EDUCATIONAL PROGRAMS FOR SCHOOLS, NON PROFITS
Our philanthropic educational program for schools and non profits is very unique. We aim to help organizations embody a holistic approach to educating people by weaving together organizations, community, an interdisciplinary curriculum, social awareness, environmental stewardship and entrepreneurship through fundraising. We will individually design a program to fit your needs and offer a variety of activities which can be mixed and matched. This list is only a sample of what we can offer:
AND THE COMMUNITY!
Assemblies/Classroom Presentations can include:
- Observation hive to get a close up look at bees
- Power Point presentation
- Bee keeping equipment for hands on fun
- Honey comb and wax to touch and feel
- Honey harvesting and jarring your own raw honey
- We will include a variety of educational material such as posters and hand outs for students
Lessons for Students
Our program director, Debra Tomaszewski, former teacher and professor, will work individually with your classroom or science teacher to help them incorporate bee keeping into their curriculum/lessons. We have a wide variety of resources available.
Apprentice Program for Parents,
Teachers and/or Students
We train apprentices to care for their bee hives through a shadow program, which teaches the apprentice all aspects of care for a one year cycle. The tasks include installing bees, feeding and maintaining the hive, harvesting honey, checking the health of the hive and looking for disease.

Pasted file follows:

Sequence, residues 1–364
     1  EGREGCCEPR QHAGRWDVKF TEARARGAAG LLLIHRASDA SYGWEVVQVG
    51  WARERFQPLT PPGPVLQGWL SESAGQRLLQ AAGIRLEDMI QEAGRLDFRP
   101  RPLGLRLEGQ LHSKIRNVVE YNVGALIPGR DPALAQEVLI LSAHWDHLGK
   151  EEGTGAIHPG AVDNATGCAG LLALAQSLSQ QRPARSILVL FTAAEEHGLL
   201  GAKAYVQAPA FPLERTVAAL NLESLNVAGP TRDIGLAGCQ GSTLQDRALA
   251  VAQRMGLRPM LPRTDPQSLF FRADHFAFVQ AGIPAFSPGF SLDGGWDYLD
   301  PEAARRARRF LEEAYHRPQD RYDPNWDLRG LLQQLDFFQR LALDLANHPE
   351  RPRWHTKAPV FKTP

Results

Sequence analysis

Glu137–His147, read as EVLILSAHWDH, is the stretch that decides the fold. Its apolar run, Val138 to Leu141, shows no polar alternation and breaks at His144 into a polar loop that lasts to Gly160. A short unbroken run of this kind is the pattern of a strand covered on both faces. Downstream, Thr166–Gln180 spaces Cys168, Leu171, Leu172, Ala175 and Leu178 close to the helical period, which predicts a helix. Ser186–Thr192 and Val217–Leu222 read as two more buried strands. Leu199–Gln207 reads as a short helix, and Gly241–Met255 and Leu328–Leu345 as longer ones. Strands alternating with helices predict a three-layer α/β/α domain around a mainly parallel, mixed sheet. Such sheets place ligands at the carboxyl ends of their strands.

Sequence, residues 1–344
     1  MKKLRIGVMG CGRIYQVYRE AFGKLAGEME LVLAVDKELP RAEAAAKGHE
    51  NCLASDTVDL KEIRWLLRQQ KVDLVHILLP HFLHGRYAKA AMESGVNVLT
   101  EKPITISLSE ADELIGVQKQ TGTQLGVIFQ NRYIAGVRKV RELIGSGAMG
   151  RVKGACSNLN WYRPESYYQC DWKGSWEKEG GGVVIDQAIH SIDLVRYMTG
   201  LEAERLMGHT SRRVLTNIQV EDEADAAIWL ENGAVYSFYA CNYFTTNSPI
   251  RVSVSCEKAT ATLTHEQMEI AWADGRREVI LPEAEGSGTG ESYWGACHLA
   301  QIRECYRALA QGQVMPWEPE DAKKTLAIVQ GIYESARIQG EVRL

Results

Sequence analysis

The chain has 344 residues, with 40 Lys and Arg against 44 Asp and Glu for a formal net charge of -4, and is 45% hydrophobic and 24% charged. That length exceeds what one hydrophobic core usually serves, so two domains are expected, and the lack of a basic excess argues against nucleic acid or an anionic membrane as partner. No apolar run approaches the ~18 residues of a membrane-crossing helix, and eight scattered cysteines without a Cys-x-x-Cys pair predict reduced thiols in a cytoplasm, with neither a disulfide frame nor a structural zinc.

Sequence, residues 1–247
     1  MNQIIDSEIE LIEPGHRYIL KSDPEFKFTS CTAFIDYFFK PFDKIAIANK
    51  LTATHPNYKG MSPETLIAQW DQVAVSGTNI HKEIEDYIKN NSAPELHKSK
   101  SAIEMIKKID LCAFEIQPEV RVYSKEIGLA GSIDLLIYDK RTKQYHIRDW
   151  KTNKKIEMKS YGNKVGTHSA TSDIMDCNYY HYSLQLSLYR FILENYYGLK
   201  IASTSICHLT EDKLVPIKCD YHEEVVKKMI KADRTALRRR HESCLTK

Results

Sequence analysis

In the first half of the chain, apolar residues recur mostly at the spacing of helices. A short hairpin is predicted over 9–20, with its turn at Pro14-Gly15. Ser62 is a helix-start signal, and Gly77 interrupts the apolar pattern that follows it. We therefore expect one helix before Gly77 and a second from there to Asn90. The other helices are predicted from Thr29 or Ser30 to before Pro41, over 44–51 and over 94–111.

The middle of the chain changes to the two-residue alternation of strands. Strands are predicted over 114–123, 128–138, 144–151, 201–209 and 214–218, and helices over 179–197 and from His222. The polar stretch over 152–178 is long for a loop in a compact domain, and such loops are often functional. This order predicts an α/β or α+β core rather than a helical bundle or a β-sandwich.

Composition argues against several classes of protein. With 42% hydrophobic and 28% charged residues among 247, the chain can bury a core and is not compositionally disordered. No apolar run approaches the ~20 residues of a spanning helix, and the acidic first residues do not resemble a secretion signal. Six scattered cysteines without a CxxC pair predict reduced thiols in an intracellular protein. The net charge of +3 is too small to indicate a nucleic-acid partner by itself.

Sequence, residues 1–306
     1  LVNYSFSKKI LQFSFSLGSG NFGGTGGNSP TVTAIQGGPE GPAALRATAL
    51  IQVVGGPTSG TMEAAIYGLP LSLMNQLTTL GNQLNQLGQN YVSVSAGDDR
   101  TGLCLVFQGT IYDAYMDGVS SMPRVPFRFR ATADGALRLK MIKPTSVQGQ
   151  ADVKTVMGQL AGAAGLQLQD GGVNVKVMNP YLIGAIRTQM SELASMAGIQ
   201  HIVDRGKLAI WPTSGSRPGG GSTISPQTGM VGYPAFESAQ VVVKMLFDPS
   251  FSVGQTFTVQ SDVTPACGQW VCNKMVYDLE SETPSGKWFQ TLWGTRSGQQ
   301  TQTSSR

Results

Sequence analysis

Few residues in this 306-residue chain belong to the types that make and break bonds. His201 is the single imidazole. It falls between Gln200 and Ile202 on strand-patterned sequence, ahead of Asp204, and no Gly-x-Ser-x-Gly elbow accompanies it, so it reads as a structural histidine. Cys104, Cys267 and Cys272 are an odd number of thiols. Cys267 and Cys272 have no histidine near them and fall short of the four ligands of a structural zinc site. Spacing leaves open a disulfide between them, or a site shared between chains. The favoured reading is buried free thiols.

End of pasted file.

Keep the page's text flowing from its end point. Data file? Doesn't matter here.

Installing and Setting up
the Bee Hive
Bee hive installation can occur on a special day or as a special event. A weekend might be a perfect time to offer a voluntary opportunity for parents and students to witness how a bee hive is set
up and started.
Honey Harvest Workshop
and Fund Raiser
Spinning honey occurs twice a year if the hive is strong, usually in June and September. Honey spinning workshops can be part of a larger celebration, like a school wide fair or event to kick off the year or to end the year with something special. The honey can be jarred and sold as a fund raiser. Most hives will produce 40-50 pounds of honey per super. Usually 2 supers can be placed on each hive, sometimes more if the nectar is flowing and the bees are strong. So if there are 2 hives at your location, they can produce up to 200 pounds of honey per harvest. That’s about 350- 400, 8 oz jars of honey
Become Part of a Research Project
We are always on the look out to be involved with cutting edge research to study the habits of bees and to help solve the mysterious reason behind Sudden Colony Collapse. We are currently teaming up with NASA and Google in the Honey BeeNet Study aimed at understanding the timing of plant and animal life cycle events (phenology) in the world.
Please contact us or call Debra Tomaszewski, program director@ 415-235-8959,
to become part of our philanthropic environmental stewardship program.
We offer educational programs for schools and non-profits at low or no-cost.